As for that overall "system" of the way we are now living, notice below that in the current preamble to the U.S. Constitution, there is NO mention of taking care of the natural world that gives us life.
The Bottom Line.
Last week I wrote about the danger of complacency when it comes to doing enough to come anywhere close to satisfying Mother Nature. Today's society leads us to believe that if we're raising the thermostats on our A/C in the summertime, doing the recommended recycling, driving an electric car, eating less meat, installing solar panels and doing a host of other little things - that we will all be okay in the long run.
As for the "Nature First" preamble above, we have an arduous journey ahead if we expect to ever learn to "manage" our planet according to the single guiding principle of
significantly improving our relationship with the natural ecosystem that gives us life.
Sadly, that is simply not true. I am convinced that we must totally reinvent the way we live in the developed world. Because, with the population increasing, air travel doubling by 2037 and more people buying cars for the first time, things are only going to get worse unless we're able to totally reinvent our way of life in the next few decades.
Lately, I've been saying that we'll probably need some kind of global emergency to jolt us into action. Well, last week, we almost had one as a rogue asteroid (as wide as a football field) surprised astronomers as it came much closer to the Earth than our moon is.
Article at Astronomy.com
Finally, as promised, I will close this blog with this urgent appeal from the most influential teenager on the planet, the school-striker, Greta Thunberg (16) of Sweden.
"Adults keep saying we owe it to the young people, to give them hope, but I don't want your hope. I don't want you to be hopeful. I want you to panic. I want you to feel the fear I feel every day. I want you to act. I want you to act as you would in a crisis. I want you to act as if the house is on fire, because it is."
My first blog on an envisioned replacement for our grossly unsustainable way of life appears first on the list below. Since then, I have posted dozens of related pieces and you can find all of them at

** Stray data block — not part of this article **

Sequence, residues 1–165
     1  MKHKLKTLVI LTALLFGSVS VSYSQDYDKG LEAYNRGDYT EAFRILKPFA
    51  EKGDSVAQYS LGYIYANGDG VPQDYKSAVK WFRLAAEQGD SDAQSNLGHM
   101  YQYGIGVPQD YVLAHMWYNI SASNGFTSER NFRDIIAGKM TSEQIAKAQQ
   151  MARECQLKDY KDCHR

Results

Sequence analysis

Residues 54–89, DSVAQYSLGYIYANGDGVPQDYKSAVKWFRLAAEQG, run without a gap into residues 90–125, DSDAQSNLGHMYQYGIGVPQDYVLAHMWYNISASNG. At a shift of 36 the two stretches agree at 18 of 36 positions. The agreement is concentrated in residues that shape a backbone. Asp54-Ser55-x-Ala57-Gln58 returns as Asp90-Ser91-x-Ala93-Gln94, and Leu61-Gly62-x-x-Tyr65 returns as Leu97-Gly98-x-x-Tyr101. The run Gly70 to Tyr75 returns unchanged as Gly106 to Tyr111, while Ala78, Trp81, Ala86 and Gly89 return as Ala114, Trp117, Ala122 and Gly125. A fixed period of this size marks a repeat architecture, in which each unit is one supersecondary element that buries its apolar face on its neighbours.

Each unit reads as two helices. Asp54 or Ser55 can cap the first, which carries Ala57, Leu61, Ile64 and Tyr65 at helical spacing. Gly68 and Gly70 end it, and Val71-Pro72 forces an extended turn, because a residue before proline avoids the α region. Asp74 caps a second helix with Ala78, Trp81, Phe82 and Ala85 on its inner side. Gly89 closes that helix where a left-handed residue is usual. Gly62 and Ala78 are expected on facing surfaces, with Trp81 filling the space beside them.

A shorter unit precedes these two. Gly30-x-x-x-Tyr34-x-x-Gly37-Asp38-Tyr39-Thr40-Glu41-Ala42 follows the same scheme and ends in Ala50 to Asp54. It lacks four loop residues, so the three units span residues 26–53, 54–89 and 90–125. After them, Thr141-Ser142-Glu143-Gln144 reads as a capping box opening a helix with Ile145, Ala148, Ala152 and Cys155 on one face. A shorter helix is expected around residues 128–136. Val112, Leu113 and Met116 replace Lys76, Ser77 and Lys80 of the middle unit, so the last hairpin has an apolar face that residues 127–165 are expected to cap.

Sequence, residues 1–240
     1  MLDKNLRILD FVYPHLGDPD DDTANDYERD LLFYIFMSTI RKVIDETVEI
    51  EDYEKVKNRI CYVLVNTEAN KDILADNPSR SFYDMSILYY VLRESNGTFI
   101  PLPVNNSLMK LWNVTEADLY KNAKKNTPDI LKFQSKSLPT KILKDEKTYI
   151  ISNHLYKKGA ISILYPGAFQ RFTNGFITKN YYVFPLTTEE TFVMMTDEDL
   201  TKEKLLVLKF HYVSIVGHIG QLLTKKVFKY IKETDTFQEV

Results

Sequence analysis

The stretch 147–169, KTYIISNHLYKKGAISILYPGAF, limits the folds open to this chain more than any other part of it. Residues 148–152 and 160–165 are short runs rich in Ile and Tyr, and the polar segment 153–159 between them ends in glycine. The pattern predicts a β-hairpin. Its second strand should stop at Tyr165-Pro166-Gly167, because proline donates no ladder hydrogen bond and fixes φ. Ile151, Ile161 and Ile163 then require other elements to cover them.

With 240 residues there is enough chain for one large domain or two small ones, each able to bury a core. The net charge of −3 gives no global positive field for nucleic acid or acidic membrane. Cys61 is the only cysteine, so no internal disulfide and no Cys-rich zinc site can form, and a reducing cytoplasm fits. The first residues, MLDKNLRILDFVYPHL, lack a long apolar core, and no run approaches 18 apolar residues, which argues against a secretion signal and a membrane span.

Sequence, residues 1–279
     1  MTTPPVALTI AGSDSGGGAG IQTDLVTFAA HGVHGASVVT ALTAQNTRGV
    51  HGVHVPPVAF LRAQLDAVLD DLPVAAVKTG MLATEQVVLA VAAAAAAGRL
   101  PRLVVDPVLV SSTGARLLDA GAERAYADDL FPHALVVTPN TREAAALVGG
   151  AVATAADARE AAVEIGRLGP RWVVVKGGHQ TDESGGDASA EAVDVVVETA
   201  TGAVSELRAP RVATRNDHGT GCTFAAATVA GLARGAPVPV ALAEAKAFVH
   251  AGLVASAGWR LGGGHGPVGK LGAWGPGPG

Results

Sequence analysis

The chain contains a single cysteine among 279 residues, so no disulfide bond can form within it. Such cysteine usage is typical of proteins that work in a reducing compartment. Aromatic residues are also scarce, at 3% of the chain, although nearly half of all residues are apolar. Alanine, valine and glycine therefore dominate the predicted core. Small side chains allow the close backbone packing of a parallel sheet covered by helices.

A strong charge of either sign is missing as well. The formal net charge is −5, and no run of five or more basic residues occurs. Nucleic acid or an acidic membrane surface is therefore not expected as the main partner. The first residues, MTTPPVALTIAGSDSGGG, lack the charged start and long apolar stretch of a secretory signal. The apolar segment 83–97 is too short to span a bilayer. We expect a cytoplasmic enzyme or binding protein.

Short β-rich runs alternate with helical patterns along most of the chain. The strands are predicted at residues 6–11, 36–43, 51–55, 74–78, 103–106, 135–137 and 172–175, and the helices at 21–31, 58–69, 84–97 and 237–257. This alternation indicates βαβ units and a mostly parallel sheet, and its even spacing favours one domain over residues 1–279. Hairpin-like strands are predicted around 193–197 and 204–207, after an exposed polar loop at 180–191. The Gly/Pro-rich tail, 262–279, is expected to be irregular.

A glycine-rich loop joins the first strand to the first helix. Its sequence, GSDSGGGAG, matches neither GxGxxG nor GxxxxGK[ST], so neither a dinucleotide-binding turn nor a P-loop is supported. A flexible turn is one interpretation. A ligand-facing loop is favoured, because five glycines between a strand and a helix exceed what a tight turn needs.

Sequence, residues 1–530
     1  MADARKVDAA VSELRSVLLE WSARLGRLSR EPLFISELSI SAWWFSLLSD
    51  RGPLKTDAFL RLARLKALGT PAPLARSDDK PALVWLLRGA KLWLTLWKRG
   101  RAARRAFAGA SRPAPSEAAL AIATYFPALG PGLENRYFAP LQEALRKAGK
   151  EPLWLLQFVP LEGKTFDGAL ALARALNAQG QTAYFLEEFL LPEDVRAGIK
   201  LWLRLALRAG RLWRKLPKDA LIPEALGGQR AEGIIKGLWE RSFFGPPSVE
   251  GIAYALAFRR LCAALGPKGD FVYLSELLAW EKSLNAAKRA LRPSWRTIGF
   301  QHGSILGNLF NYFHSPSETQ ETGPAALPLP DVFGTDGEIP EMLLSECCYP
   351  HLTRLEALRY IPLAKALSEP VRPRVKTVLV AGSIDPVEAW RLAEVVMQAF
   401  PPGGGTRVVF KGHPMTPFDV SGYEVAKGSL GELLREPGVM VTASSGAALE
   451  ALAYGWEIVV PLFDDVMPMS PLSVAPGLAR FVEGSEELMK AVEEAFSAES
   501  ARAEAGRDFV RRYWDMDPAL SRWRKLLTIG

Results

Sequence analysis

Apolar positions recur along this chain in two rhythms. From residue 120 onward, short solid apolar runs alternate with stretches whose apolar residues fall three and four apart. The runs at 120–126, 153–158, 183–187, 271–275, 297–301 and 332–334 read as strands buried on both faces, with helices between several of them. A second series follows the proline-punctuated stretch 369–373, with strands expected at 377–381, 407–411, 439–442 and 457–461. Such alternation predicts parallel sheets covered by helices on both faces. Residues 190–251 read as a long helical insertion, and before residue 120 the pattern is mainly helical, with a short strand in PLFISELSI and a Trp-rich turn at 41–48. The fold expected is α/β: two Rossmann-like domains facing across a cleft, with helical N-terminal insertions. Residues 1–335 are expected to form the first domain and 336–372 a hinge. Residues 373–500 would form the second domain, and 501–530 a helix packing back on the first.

this page on my website
. Here are a few of them:
As always, I will continue to focus on this crucial topic - in my research, my writing and my speaking.
As for speaking, I continue to search for mainstream audiences who may have an interest in learning more about a realistically hopeful vision for our future - and their role in making that vision come true.
As such, I will travel anywhere for an opportunity to speak to one or more groups in each city that I visit. I only ask for travel expense reimbursement and a modest honorarium.
As for the specifics of my topic, I invite you to
contact me directly
about how I might tailor my presentation to best suit an audience you may have in mind:
churches, think-tanks, legislative bodies, environmental
organizations, alumni associations, leadership clubs,
and/or civic groups who may appreciate a message of reality and hope for our future.
What else can you do to help?
1. Live as greenly as possible while doing all that you can to raise the awareness of "big picture" solutions that are crucially necessary for saving our civilization.
2. Share this BSB and my
"Mama Ain't Happy"
BSB with prominent journalists, thought leaders and/or elected officials whom you respect. They need to learn a lot more about the many reasons why
Mama ain't happy.
3. Here are a few more GRATOLA-related blogs that you can share with your most powerful friends, leaders, journalists and movie producers.
Until next time, just remember...
Humanity is on a collision course with Nature.
A damaged Nature will survive. We may not.
We must change course to avert an ecological disaster.
J. Morris (Jim) Hicks
CEO, 4Leaf Global, LLC
In the past 12 months, I have spoken at a
Fort Myers, at
in Honolulu and Kahului, Maui, the
College of the Holy Cross
in Worcester, MA, a
Plant Powered Manhattan
event in New York, at a lakeside health conference in
South Haven, Michigan
, in Buffalo, NY, at the
University of Scranton
and at the Dr.
Golden Gate Health Getaway
near the Silicon Valley.